Driven by strong sales in high-end coastal areas and shrinking inventory, California’s median home price hit its highest level in March since May 2008, according to the CALIFORNIA ASSOCIATION OF REALTORS® (C.A.R.).
Making sense of the story
- Closed escrow sales of existing, single-family detached homes in California totaled a revised seasonally adjusted annualized rate of 417,520, according to information collected by C.A.R. from more than 90 local REALTOR® associations and MLSs statewide.
- March closings were up a slight 0.1 percent from a revised 417,310 in February but down 4.9 percent from a revised 439,260 in March 2012. The statewide sales figure represents what would be the total number of homes sold during 2013 if sales maintained the March pace throughout the year. It is adjusted to account for seasonal factors that typically influence home sales.
- The statewide median price of an existing, single-family detached home climbed 13.7 percent from February’s $333,380 median price to $378,960 in March, reversing a two-month decline.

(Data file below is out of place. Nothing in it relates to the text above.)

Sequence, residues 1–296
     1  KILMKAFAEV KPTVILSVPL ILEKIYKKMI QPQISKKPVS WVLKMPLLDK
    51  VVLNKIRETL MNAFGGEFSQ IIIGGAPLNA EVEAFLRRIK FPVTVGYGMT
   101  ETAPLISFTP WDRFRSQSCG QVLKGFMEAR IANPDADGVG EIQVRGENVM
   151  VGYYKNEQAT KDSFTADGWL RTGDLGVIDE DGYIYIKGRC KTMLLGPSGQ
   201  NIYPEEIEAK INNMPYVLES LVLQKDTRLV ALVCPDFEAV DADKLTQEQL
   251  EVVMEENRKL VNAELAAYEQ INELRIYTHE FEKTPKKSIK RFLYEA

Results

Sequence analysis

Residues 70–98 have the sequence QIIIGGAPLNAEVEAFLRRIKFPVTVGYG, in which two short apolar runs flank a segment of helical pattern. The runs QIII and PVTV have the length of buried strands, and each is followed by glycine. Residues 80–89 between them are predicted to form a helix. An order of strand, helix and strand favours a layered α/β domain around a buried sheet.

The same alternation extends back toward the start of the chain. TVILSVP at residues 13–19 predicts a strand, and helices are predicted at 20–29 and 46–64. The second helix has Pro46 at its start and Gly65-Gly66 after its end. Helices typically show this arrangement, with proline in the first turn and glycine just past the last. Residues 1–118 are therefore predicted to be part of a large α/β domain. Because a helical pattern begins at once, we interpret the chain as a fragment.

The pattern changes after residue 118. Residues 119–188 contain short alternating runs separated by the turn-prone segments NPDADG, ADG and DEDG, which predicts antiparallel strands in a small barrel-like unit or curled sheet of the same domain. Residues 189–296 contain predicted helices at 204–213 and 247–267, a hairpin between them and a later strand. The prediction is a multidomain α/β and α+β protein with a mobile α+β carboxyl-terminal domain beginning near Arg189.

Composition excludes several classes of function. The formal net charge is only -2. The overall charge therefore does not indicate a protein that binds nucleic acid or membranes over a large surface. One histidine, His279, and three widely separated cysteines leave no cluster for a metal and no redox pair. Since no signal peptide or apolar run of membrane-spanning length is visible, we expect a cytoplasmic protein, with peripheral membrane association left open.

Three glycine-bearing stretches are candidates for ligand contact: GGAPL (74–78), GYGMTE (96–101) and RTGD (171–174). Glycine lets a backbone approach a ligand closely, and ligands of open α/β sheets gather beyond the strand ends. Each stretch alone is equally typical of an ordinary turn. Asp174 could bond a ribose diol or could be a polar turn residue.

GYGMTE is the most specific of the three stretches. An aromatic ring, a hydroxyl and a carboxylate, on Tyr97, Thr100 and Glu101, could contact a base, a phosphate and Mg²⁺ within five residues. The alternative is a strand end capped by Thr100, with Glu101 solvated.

- The month-to-month increase was the highest since C.A.R. began tracking this statistic in 1979. The March price was up 28.2 percent from a revised $295,630 recorded in March 2012, marking the 13th consecutive month of annual price increases and the ninth consecutive month of double-digit annual gains.
- The available supply of homes for sale fell significantly in March, falling to a 2.9-month supply, as measured by C.A.R.’s Unsold Inventory Index. The March Unsold Inventory Index for existing, single-family detached homes was down from 3.6 months in February and down from 4.2 months in March 2012. The index indicates the number of months needed to sell the supply of homes on the market at the current sales rate. A six- to seven-month supply is considered normal.